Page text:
AERIAL BOMBARDMENT ACCURACY:  World War II.  The development of smart weapons, combined with extensive television coverage of their use has created the impression that a weapon dropped from an aircraft equals a hit on a target.  Bombs that do not hit the advertised target must therefore have been deliberately dropped at another target or have been dropped by incompetents.  Although not really the case in the 2000s, this was clearly not the case in World War I (see Strategic Bombing in World War I - Germany), wars between the two World Wars (see Bombing of Guernica), or in World War II (see Bombing of Warsaw and Helsinki).

This was particularly true of night bombing raids.  An 18 August 1941 report, written by Mr. David M. Butt and provided to the Royal Air Force's Bomber Command, highlighted the following performance data.  When a five mile radius was drawn around the target, and only aircraft that reported attacking their targets were considered, analysis showed that:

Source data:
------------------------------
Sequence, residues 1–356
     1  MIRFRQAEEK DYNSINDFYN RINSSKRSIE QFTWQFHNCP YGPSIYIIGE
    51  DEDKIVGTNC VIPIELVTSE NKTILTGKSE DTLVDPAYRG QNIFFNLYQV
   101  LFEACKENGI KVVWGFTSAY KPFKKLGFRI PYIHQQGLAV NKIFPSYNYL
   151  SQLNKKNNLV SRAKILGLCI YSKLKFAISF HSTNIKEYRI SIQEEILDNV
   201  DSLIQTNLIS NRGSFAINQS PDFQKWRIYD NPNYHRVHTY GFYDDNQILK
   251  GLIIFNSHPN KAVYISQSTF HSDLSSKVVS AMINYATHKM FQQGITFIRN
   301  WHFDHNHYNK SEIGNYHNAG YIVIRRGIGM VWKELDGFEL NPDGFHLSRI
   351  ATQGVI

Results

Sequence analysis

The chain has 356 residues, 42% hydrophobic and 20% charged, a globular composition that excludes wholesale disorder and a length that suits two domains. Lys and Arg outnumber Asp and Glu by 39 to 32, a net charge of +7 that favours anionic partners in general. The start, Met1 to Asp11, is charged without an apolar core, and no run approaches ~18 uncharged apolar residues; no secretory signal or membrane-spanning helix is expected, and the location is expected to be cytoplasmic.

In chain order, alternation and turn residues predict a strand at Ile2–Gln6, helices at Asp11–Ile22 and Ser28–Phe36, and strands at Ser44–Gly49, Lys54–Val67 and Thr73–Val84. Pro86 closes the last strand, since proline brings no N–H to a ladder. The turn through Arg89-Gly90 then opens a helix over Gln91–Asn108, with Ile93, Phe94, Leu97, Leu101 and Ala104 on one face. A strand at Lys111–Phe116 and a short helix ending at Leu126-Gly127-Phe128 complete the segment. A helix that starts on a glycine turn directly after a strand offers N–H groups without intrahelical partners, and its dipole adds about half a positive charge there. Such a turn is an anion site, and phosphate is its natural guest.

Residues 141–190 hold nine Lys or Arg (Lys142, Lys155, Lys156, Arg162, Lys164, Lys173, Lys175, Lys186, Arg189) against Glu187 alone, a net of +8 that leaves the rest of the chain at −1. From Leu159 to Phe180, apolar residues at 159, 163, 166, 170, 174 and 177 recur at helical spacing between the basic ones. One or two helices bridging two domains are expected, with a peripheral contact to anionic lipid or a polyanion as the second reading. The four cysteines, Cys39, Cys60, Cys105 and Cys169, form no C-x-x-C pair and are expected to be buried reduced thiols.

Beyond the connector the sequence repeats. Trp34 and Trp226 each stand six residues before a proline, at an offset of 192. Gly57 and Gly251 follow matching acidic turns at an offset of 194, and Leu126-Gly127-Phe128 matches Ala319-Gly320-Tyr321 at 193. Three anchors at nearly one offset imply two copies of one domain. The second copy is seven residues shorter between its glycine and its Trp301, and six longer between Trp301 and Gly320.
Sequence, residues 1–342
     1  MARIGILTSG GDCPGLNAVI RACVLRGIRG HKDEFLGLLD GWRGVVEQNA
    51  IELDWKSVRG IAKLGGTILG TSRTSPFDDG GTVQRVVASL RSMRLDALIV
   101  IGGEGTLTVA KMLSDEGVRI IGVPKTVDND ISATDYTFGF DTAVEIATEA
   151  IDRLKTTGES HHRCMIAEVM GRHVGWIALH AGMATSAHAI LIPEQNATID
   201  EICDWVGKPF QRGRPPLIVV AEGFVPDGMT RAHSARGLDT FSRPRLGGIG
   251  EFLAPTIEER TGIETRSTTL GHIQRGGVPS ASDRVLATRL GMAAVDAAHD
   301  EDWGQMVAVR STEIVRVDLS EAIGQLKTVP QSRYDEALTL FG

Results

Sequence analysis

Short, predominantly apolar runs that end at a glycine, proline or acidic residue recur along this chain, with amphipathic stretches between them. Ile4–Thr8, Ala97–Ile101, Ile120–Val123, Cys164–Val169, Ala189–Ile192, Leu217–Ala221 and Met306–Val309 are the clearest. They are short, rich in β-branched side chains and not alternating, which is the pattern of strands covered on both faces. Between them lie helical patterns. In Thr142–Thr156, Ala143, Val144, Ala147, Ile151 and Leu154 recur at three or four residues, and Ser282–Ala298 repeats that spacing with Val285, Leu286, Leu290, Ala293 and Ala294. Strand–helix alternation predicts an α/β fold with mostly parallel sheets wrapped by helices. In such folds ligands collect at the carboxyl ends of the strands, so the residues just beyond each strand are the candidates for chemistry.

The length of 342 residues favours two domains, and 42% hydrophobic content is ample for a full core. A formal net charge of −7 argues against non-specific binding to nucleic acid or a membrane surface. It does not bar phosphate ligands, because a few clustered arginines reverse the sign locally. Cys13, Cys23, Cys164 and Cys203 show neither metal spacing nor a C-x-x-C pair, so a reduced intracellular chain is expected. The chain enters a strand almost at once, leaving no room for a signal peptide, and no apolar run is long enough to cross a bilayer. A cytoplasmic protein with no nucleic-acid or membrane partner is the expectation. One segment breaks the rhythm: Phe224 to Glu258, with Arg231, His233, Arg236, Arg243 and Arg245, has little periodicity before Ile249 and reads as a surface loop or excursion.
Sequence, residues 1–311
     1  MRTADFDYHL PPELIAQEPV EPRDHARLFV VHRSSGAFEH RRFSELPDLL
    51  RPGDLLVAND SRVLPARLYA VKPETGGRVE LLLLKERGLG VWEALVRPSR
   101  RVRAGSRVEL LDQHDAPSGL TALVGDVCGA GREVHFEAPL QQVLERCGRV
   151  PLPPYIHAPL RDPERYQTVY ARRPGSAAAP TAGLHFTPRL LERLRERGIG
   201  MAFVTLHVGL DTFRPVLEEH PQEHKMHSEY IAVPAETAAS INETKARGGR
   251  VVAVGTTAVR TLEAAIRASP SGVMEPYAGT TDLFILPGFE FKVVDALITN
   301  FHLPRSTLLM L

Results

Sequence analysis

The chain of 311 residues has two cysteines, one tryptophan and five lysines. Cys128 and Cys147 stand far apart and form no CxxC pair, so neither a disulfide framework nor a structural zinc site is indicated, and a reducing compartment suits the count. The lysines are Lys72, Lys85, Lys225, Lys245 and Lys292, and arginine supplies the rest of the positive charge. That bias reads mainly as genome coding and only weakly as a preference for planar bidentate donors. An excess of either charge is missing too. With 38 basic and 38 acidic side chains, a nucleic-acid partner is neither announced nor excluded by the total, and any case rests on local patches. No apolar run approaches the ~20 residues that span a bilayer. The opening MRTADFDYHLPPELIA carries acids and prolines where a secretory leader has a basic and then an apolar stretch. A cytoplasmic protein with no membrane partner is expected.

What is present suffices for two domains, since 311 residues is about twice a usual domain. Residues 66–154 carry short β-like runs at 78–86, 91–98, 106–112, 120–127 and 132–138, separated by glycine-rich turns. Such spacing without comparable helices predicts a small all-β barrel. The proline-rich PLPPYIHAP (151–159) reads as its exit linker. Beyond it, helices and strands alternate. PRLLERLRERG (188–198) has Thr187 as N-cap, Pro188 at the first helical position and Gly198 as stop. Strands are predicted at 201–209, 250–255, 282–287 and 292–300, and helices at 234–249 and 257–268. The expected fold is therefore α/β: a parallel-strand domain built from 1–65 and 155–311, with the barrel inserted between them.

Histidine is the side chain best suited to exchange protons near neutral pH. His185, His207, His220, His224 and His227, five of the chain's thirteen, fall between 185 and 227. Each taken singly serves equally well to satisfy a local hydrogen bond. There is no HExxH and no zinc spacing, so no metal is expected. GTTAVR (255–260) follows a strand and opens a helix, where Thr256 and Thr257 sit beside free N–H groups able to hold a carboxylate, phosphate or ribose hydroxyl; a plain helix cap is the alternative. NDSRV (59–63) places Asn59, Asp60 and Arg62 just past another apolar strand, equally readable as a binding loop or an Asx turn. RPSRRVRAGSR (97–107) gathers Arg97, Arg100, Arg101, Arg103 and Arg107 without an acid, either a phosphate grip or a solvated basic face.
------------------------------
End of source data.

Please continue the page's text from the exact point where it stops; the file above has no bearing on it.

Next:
Further, of all the aircraft dispatched on bombing missions, only 66 percent reported reaching and attacking their target. 

There are two sets of implications to this data.  First, from the attacker's standpoint, even large night raids could not be counted on to completely destroy a target.  More aircraft and more bombs were required than if a large percent of the aircraft had reached even the rather generous 5 mile radius (which hardly guaranteed destruction of a specific or a hardened target).  Second, from the civil defense standpoint, the problem became much more complex.  Any attack could be expected to have a fairly large footprint of damage, with increased impact on population, infrastructure, and housing.  Shelter populations and populations needing post-attack services were increased.  Even being well outside the probable target areas in any city or town was not a guarantee of safety.  At the same time the problems of where to locate and stage rescue forces became more complex if they were to be protected from the direct impact of the attack.

Source: Rubel, David, editor, World War II, The Axis Assault, New York, New York, United States of America, Times Books, 2003.

Entry 04120 - posted 25 November 2004